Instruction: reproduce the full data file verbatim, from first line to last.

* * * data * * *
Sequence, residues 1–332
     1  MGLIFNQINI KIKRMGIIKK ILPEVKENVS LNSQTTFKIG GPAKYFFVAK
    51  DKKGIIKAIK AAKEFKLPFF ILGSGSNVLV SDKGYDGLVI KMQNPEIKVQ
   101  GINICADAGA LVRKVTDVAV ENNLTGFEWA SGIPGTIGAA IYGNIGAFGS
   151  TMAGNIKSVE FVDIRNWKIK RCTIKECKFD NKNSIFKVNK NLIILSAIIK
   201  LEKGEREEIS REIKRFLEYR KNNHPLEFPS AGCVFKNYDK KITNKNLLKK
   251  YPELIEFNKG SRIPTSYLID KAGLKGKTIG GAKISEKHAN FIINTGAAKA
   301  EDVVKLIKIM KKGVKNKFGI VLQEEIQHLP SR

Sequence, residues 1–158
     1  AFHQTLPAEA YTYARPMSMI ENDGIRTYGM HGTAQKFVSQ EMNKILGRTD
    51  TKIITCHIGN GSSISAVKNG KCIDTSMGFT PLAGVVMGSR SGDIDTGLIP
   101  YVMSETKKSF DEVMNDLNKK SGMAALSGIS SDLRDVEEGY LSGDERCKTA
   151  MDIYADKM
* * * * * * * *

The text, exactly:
Sequence, residues 1–332
     1  MGLIFNQINI KIKRMGIIKK ILPEVKENVS LNSQTTFKIG GPAKYFFVAK
    51  DKKGIIKAIK AAKEFKLPFF ILGSGSNVLV SDKGYDGLVI KMQNPEIKVQ
   101  GINICADAGA LVRKVTDVAV ENNLTGFEWA SGIPGTIGAA IYGNIGAFGS
   151  TMAGNIKSVE FVDIRNWKIK RCTIKECKFD NKNSIFKVNK NLIILSAIIK
   201  LEKGEREEIS REIKRFLEYR KNNHPLEFPS AGCVFKNYDK KITNKNLLKK
   251  YPELIEFNKG SRIPTSYLID KAGLKGKTIG GAKISEKHAN FIINTGAAKA
   301  EDVVKLIKIM KKGVKNKFGI VLQEEIQHLP SR

Sequence, residues 1–158
     1  AFHQTLPAEA YTYARPMSMI ENDGIRTYGM HGTAQKFVSQ EMNKILGRTD
    51  TKIITCHIGN GSSISAVKNG KCIDTSMGFT PLAGVVMGSR SGDIDTGLIP
   101  YVMSETKKSF DEVMNDLNKK SGMAALSGIS SDLRDVEEGY LSGDERCKTA
   151  MDIYADKM